Morrison and his wife, a school aide, talk several times a day. In between, they text each other with endearing “I miss you” and “I love you” messages. “We’re hopeless romantics,” he says. She concurs: “He’s my best friend.”
But living apart is more than an emotional strain. It’s expensive, too.
Morrison refinanced his house to free up more money for monthly expenses that include gas – $720 when he drives alone – and $425 in rent and utilities for an apartment he shares with another Janesville transplant. (GM, in many cases, provides some compensation for workers who relocate.)
But this is just temporary.
The Morrisons decided they don’t want to live this way; they plan to sell their Wisconsin house and Sarah and their youngest son, Austin, will move when the school year ends.
Though they’ll be together, Morrison doesn’t feel secure.
“This plant is no safer (from downsizing) than any other,” he says. “I don’t take my job for granted anymore. … Do I regret working for them? No. It’s good money. It was a good company back then. It still is.”
“The auto industry is a lot like a roller coaster,” he adds. “When the going is good and you’re at the top, everything is boom. When it’s times like this, you’re at the bottom. But I still feel fortunate even to be there. I can still hold on. And I count my blessings for that.”
John Dohner can be forgiven if he has that feeling of deja vu when he pulls into the parking lot of the GM plant outside Fort Wayne, Ind.
He has been there before. Decades ago.
Then a fresh-faced 20 year old, Dohner moved from Janesville to Indiana, following his job building pickup trucks. He returned to Janesville when a spot opened seven years later.
Now he’s reversing course as a 44-year-old family man with a wife, three kids (21, 17 and 15), a house, a 13-acre farm and a good life almost 300 miles and one time zone away – a life he’s not about to abandon.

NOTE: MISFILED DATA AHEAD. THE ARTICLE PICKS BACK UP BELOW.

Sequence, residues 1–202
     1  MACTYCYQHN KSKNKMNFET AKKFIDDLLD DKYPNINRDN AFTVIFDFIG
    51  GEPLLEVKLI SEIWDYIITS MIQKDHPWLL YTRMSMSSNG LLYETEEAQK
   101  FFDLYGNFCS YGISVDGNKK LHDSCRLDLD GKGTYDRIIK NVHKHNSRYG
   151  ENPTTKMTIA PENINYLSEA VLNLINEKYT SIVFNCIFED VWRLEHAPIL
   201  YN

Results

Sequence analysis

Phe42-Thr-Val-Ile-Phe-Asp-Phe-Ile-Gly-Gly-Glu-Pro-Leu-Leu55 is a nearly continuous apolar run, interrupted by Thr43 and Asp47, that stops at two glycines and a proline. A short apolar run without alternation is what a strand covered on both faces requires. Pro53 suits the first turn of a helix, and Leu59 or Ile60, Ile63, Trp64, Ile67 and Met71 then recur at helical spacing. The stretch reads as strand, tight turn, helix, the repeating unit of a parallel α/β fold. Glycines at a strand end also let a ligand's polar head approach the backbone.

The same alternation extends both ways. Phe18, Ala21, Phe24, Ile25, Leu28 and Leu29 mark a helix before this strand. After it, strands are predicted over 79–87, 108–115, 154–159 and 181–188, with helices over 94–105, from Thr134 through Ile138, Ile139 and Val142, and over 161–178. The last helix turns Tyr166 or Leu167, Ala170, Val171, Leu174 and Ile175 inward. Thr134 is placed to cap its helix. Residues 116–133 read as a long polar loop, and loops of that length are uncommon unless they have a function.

Ditto for his job.
“I’m not going to walk away,” he says. “I’m not giving them the satisfaction of giving them 25 years of my life and not get anything in return.”
Like others, he has his eye on the prize: the 30-year finish line.
Dohner is among dozens of Janesville commuters who form a caravan every Saturday morning to make the 275-mile trek home. (He turned down a GM job in Kansas. The drive was too long, he said.)
Soon, one of his laid-off brothers will join him in Indiana; another still is waiting. Their father, John Sr., heads United Auto Workers Local 95.
With Dohner gone, his wife, Jane, has become skilled at everything from repairing water tanks to installing furnace filters. Her day starts at 4:45 a.m., when she and the kids feed the dogs, rabbits, cows, chickens and horses. The two boys take care of their dad’s snow plow business. Dohner still keeps up his duties as chair of the tiny township (population 800), using vacation days to attend monthly meetings.